Can you spot it? Sitting on the roof?

How about now? This is the home of the whale rider and the carving, atop the Whangara Marae, holds a very special place in the hearts of local Maori. The Whangara people believe their presence in the bay dates back a thousand years or more to a single ancestor, Paikea, who escaped death when his canoe capsized by riding to shore on the back of a whale.

The iconic 2003 New Zealand film The Whale Rider, staring 'Academy Award Best Actress' nominated Keisha Castle-Hughes was based on the Maori myth and filmed here in the bay. Unfortunately due to the influx of tourists after 'The Whale Rider' became famous, access to the village now requires the permission of the local iwi.

Luckily we were able to turn the rig around near the entrance to the village and stop on our way back out, near the top of the road into the bay and still see the carving on the Marae roof and also the church (see first photo) which I can add to my Country Church collection.

Just as we were about to pull away we spotted another fifth-wheeler heading towards us. What are the odds of that? Not one vehicle had passed us on the road, I bet the locals did a double take when they spotted these guys after seeing us half an hour earlier.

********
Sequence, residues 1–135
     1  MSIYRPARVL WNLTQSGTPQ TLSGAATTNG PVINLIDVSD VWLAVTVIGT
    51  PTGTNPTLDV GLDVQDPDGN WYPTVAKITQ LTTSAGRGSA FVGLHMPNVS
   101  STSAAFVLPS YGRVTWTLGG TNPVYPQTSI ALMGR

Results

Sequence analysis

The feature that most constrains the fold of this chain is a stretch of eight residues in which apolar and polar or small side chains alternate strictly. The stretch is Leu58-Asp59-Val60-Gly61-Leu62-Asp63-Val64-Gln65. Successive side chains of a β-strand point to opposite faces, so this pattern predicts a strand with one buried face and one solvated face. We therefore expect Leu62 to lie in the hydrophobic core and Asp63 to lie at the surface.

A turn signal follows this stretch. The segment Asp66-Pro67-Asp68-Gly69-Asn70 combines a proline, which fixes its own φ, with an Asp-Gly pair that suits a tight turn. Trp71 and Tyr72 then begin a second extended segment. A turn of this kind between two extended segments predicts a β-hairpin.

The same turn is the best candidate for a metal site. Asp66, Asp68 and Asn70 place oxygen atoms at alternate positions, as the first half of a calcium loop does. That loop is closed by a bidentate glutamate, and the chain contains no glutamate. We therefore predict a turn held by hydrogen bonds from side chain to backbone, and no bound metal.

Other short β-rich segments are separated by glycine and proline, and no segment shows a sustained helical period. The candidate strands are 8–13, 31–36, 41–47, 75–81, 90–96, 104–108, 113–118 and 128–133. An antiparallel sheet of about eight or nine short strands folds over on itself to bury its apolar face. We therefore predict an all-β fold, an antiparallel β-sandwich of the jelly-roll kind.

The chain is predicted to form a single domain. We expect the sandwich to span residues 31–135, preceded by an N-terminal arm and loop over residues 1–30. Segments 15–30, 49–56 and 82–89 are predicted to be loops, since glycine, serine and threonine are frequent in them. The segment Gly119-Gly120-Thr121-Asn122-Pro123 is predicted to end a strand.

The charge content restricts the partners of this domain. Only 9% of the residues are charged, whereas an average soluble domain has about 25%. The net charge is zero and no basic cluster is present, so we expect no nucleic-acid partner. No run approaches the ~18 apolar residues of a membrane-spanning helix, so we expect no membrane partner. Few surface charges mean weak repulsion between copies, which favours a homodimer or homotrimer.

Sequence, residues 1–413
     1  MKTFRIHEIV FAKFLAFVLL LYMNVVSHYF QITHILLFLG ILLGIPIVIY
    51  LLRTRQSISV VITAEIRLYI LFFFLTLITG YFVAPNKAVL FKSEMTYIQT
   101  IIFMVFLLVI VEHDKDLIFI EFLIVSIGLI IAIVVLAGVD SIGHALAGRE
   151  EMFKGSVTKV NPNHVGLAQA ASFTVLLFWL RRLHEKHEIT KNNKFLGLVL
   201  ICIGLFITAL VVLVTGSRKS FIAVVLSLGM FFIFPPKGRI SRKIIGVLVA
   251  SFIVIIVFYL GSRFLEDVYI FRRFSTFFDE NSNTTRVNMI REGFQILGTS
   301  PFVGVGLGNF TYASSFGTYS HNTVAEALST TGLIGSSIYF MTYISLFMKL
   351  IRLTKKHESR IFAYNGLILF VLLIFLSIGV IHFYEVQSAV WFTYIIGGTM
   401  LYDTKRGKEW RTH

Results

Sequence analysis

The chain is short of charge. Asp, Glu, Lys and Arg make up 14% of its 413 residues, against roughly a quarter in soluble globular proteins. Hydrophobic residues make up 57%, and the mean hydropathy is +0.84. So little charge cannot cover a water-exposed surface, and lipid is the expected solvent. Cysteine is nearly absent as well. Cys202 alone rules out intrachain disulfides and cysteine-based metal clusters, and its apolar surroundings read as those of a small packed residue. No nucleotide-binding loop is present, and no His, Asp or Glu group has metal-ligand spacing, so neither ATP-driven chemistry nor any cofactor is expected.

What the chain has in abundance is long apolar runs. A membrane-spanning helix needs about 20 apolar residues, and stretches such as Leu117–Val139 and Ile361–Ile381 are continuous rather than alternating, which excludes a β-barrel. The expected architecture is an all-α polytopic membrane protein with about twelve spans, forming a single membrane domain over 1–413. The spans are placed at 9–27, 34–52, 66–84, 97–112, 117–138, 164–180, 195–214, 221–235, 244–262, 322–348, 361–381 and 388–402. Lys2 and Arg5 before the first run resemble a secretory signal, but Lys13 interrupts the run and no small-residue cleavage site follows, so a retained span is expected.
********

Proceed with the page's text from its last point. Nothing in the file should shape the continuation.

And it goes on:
They stopped to say hello (as you do when you come across another 5th-wheeler), they were looking for a beach to have lunch at. We told them about the turnaround further down the road and that there wasn't any access to the beach and left them to it as we pulled out and headed back to the main road.

The next destination was going to be our camp for the night, we'd been warned that the 6km road into Waihau Bay/Loisels Beach was narrow, winding and had very few places to pass any oncoming traffic (and in fact it was just a vehicle width only for the last 3kms or so).

With a little bit of trepidation we carefully drove round the blind corners, along a cliff edge with a massive drop-off, down through the tiny seaside settlement to the end of the road. Luckily we didn't meet another vehicle because one of us would certainly have had fun backing up.

And in case you're wondering, there are two Waihau Bays around the East Coast; this one is just above Gisborne and the other more well know bay is on the other side, just below Cape Runaway, in the Eastern Bay of Plenty.

Loisels Beach is just 42km from Gisborne but with very few campers on the road at this time of the year (late March) it felt like we were hundreds of miles from civilization arriving at a beautiful deserted beach. 

Although there were still half a dozen shuttered up caravans parked up after the summer break (which must have been a good one going by the flag pole!).